And things are heating up in talking about weather in the wine world. Especially if you are in Bordeaux that is, since it is en fuego! Or something like that: The heat has been abnormally high and the rainfall is way below average. So if the drought-like conditions keep up, the reduced supply of grapes could push wine prices even higher! Is it 2003 all over again? The vintage in Burgundy is also advanced.
By contrast, cut to the Auction Napa Valley this past weekend and people were breaking out the umbrellas rather than the sunscreen. Weather has been cool across the state. Rhys Vineyards has vineyards in more of the marginal weather areas of California and therefore is rightfully weather-obsessed, so their Twitter feed is an excellent source of weather info. Temperatures at their Skyline Vineyard, perched at 2,300-ft elevation, hovered at 49.6 degrees Fahrenheit in May, making it one of the seven coldest Mays since 1931; their vine shoots are about two or three inches behind, they tweet. They say that weather in late June is key for the fruit set so they don’t mean to sound gloomy. And after California’s cool and damp 2010 vintage, the “high-octane,” “fruit-bomb” style is taking it from all sides these days.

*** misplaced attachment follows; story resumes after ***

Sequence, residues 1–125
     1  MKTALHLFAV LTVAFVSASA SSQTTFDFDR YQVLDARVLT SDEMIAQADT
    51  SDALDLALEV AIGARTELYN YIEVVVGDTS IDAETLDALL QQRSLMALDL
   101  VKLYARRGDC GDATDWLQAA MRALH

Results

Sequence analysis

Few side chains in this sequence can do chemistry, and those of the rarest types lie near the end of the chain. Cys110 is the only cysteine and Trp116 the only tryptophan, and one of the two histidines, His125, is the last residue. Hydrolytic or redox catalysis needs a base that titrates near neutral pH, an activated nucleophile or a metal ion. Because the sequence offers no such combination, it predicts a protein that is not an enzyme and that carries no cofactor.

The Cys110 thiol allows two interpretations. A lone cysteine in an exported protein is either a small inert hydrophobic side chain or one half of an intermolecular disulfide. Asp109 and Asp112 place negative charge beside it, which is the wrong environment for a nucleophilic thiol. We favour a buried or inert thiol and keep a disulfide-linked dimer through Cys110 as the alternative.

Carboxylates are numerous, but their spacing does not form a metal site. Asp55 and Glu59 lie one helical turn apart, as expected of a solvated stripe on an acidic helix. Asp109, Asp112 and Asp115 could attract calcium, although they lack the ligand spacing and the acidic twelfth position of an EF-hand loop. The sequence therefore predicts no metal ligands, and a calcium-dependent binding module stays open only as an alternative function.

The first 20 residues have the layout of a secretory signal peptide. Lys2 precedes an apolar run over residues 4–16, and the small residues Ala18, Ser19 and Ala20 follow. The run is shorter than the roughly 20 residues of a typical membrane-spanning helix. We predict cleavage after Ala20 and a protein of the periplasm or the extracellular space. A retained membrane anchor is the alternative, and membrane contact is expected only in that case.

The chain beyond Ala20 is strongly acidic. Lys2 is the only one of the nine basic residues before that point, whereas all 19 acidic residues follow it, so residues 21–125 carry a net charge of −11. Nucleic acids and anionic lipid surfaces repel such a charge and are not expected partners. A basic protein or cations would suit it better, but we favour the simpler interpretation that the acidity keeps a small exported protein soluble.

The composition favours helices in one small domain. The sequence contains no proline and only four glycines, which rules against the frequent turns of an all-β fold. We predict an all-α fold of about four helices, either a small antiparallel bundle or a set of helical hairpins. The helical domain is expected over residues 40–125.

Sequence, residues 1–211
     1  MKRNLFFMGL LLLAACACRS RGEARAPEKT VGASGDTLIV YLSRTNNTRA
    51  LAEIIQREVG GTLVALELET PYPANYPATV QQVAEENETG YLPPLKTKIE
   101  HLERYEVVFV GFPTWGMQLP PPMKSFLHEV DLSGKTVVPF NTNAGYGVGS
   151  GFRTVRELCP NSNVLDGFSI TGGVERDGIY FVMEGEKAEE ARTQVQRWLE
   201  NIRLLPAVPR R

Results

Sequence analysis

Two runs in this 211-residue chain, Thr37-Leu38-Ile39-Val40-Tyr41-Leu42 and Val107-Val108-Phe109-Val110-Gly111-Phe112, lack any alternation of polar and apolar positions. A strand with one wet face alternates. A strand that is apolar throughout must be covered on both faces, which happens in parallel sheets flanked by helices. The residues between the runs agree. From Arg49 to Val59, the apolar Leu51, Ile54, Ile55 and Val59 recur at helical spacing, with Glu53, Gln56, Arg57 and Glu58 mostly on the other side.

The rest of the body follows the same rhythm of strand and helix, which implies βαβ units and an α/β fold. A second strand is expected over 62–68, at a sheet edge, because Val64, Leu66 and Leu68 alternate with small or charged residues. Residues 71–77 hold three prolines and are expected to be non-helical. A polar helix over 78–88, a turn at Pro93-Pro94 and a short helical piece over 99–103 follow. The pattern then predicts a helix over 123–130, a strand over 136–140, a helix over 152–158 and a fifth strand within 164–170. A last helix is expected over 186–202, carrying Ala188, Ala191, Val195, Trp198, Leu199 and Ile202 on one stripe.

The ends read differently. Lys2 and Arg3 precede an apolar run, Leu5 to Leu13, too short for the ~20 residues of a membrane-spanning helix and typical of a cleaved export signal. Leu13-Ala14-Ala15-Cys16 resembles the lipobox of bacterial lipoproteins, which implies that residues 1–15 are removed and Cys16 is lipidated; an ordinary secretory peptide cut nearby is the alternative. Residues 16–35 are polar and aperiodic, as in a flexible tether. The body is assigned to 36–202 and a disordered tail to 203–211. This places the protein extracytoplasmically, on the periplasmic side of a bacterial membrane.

Australia was in the headlines for the devastating Queensland floods earlier this year. But even some of the wine growing regions were hit by heavy, “seven year rains” that rotted unpicked grapes quickly and made for a lot of grape selection both in the vineyard and on sorting tables. The Sydney Morning Herald explicitly linked the “soggy” weather to lower alcohol levels.
It’s weird that California and France appear to have flipped weather so far for 2011–there’s something you can talk about in your next elevator ride. Just don’t let the Mayans know since I think that was part of their their 2012 prophecy…